Founded in the 1660s and consisting of distinguished scientists, engineers and technologists from the UK and the Commonwealth, the Royal Society aims to recognise, promote, and support excellence in science for the benefit of humanity.
Professor Vinuesa has been recognised for her work in identifying cells, proteins, and genes that control antibody responses and prevent autoimmunity, paving the way to develop targeted therapies for immune diseases.
"Being elected as a Fellow of the Royal Society is a huge honour which means a lot to me," Vinuesa, a professor of immunology at the John Curtin School of Medical Research and Co-Director of the ANU Centre for Personalised Immunology, said.
"It also recognises the extraordinary team members and colleagues that I have had throughout my career, to whom I am very grateful."
Each year, a group of around 800 candidates are proposed by the existing Fellowship, of which up to 52 Fellows and 10 Foreign Members are elected.
Fellows have made a "substantial contribution" to the improvement of knowledge in their field, something which Professor Vinuesa has achieved through her pioneering work in cellular and genetic immunology.
"Besides the extraordinary opportunities for networking and career advancement, being a Fellow of the Royal Society involves a responsibility to bring our science to the benefit of humankind, and to help solve some of the most pressing problems of today's world," Professor Vinuesa said.
"We also have a responsibility to educate our communities and governments on the value of science, as well as to mentor the next generation."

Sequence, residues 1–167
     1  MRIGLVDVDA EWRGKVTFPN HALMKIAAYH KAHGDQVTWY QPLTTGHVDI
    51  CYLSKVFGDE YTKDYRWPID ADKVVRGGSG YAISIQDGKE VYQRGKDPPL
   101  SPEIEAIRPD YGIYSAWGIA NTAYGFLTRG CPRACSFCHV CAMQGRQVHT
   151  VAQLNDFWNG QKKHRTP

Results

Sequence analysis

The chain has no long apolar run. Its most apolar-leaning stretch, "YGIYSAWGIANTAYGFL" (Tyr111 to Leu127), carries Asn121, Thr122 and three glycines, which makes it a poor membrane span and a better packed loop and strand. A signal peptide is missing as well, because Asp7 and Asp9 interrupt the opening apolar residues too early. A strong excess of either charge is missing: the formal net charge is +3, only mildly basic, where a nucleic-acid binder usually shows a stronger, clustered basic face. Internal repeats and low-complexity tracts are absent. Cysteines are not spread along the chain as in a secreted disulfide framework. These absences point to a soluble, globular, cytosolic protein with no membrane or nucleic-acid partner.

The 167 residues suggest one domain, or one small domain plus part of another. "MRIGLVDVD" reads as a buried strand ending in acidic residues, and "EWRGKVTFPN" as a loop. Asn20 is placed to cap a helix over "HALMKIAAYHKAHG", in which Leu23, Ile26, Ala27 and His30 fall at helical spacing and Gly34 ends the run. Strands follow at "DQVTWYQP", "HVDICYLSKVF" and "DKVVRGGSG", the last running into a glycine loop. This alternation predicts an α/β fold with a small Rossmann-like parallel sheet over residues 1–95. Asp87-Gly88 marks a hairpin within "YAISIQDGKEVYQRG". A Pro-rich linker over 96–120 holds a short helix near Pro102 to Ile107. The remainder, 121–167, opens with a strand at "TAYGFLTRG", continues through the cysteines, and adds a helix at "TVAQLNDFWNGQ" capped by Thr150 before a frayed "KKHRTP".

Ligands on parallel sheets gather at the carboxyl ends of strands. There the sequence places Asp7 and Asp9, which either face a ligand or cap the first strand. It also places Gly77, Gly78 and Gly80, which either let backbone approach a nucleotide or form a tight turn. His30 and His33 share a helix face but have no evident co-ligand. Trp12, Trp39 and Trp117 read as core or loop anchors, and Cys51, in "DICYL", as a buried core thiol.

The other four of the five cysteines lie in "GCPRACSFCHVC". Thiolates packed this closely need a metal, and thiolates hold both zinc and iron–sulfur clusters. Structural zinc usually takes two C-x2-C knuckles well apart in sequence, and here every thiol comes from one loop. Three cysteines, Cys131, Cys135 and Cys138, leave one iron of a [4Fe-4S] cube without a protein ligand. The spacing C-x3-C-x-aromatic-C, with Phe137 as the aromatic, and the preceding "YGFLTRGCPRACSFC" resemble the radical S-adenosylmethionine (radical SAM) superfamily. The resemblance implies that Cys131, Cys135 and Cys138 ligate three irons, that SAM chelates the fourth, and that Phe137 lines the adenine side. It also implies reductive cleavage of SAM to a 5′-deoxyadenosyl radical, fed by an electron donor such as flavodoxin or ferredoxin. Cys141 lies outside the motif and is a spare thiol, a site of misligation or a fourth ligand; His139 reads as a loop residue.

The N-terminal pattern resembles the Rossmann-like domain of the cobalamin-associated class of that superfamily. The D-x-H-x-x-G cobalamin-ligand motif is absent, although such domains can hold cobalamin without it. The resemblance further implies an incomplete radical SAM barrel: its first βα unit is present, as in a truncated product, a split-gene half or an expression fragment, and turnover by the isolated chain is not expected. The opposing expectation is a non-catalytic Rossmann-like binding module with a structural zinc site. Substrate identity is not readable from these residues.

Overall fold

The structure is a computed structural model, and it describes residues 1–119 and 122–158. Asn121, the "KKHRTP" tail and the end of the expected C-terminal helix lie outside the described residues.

Professor Vinuesa's work at the Centre for Personalised Immunology (CPI) has involved sequencing whole genomes from patients with immune diseases, to uncover rare gene variants that change protein function and illuminate disease mechanisms.
The CPI has made complex advances toward uncovering the causation of autoimmune diseases such as lupus, which will improve treatment options for the future.
Her research has largely focused on the complex interaction of cells and molecules, and identifying the genetic abnormalities that contribute to the development of autoimmunity.
Over her career, Professor Vinuesa has been decorated with several prestigious awards including the Science Minister's Prize for Life Scientist of the year (2008), and the Gottschalk Medal of the Australian Academy of Sciences (2009). She was also elected as a Fellow of the Australian Academy of Science in 2015.
Professor Vinuesa said she is passionate about bringing her scientific expertise to the Royal Society and continuing to further scientific knowledge for the benefit of humanity.
"My advice to aspiring individuals in the STEM field would be to work hard, believe in yourself, follow your dreams, and surround yourself with good mentors," Professor Vinuesa said.